New scientific research has discovered that some small planets in the universe may have formed as a sandwich—that is, how two large planets in the protoplanetary disk can potentially give rise to a smaller planet between them, which they call “planet formation.” interspersed”.

Researchers at the University of Warwick investigated the “birth environment” of planets, areas of gas and dust that orbit a central star, known as the protoplanetary disk. The work has been submitted to the Monthly Notices of the Royal Astronomical Society and is on display at the National Astronomy Meeting, which begins Monday 3 July.

The reason for this is that the original two large planets restricted an internal flow of dust. This means that the amount of dust that accumulates between them is reduced compared to if there were no outer planet. If that dust eventually came together to form a planet, then the middle planet would probably be smaller than the two outer planets, like the filling on a sandwich.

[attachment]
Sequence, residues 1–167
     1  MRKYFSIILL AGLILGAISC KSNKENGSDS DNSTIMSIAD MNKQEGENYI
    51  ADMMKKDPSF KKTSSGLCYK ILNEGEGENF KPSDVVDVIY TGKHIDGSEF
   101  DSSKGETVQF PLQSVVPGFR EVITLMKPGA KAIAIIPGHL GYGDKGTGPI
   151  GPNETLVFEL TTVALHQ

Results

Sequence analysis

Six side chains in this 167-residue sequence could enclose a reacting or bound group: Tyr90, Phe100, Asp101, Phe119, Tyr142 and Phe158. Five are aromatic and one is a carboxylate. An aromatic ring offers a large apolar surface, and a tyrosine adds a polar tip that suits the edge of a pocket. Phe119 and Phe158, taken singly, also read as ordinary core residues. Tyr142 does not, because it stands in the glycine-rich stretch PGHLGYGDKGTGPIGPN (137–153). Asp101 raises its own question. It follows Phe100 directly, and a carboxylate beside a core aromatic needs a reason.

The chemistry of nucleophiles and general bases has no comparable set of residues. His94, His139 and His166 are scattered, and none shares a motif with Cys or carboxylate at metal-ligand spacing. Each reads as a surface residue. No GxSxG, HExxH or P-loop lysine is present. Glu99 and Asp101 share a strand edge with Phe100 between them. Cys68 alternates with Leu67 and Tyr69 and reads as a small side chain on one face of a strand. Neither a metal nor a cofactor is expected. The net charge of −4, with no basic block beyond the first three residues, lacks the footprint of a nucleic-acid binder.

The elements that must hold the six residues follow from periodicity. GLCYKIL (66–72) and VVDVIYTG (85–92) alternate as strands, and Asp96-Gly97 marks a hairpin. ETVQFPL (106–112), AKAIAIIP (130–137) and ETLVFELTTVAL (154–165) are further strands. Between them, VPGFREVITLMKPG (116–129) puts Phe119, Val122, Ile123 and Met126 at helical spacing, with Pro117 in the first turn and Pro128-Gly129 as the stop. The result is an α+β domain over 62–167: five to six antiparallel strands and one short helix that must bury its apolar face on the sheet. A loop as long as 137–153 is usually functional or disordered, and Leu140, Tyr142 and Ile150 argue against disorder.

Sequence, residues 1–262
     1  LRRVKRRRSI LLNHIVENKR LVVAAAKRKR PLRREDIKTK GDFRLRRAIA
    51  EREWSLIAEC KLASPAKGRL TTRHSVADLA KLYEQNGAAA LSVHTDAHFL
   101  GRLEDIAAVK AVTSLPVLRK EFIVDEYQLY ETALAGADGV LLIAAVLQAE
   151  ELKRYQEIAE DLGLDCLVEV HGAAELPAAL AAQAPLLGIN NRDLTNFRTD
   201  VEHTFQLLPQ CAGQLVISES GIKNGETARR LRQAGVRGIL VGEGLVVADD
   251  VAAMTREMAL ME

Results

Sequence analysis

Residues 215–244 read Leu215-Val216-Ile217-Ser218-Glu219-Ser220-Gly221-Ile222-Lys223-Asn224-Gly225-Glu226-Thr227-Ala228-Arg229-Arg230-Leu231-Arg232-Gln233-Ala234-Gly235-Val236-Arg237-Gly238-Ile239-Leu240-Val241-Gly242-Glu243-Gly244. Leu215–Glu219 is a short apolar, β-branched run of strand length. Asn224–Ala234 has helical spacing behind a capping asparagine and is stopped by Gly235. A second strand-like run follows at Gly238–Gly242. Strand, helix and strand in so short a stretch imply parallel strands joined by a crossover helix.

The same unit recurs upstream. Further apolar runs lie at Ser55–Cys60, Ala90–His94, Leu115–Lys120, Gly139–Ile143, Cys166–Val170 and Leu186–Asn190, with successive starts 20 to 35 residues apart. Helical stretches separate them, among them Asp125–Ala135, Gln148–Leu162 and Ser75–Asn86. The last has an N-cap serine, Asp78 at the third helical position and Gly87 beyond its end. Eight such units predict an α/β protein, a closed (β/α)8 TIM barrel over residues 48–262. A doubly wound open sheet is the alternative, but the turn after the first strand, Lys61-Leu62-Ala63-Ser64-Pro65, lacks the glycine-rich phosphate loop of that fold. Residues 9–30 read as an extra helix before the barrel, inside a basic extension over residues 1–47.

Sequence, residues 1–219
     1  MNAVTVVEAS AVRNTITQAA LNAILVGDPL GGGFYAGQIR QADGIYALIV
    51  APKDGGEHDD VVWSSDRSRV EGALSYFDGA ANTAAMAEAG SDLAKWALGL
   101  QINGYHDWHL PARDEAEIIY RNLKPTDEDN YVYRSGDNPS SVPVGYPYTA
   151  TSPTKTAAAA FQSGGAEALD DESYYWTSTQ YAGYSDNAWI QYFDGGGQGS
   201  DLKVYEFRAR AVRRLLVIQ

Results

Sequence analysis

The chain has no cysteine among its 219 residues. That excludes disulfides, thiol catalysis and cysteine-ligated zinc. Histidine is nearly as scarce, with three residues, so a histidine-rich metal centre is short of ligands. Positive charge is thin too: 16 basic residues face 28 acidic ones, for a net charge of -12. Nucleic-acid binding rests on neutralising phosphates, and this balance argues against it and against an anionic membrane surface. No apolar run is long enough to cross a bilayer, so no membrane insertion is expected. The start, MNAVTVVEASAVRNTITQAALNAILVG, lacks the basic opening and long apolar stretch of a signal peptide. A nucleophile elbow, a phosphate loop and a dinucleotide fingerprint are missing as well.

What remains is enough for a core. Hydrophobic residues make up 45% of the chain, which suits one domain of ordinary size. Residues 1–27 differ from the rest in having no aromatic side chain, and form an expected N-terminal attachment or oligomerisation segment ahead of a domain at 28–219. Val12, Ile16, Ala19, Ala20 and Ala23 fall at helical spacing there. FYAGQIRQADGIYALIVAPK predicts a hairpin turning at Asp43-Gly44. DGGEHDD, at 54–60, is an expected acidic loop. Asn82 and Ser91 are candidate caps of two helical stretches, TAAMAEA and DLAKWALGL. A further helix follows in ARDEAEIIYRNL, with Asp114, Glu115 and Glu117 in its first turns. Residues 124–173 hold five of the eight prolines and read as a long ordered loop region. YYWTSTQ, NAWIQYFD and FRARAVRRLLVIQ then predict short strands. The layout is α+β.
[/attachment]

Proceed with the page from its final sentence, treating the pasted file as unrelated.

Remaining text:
Associate Professor and Dorothy Hodgkin Fellow, Farzana Meru, from the Department of Physics at the University of Warwick, said: “Over the past decade, observations have revealed that rings and gaps exist in protoplanetary disks. The gaps are where we expect the planets to be, and we know from theoretical work that planets cause dust rings to form just outside of them. What exactly is happening in those rings raises an important question for astronomers around the world. “In our study, we propose the rings as sites of planetary formation; Specifically, that there are interspersed planets currently forming in those rings. This is very different from the conventional view of planet formation, where we normally expect planets to form sequentially from the inside to the outside of the disk and become increasingly massive farther out. What’s also really interesting is that there are examples that we’ve found from exoplanet observations that actually show this sandwiched planet architecture, where the middle planet is less massive than its neighbors; it is also a reasonable proportion of systems.

“The field of planet formation has recently been revolutionized. High-resolution images of planet-forming disks have come out in the past ten years since a sophisticated new telescope (the Atacama Large Millimeter/submillimeter Array) began observing the night sky. These images have given us clues about how planets form and evolve; It is exciting to be at the forefront of this research.”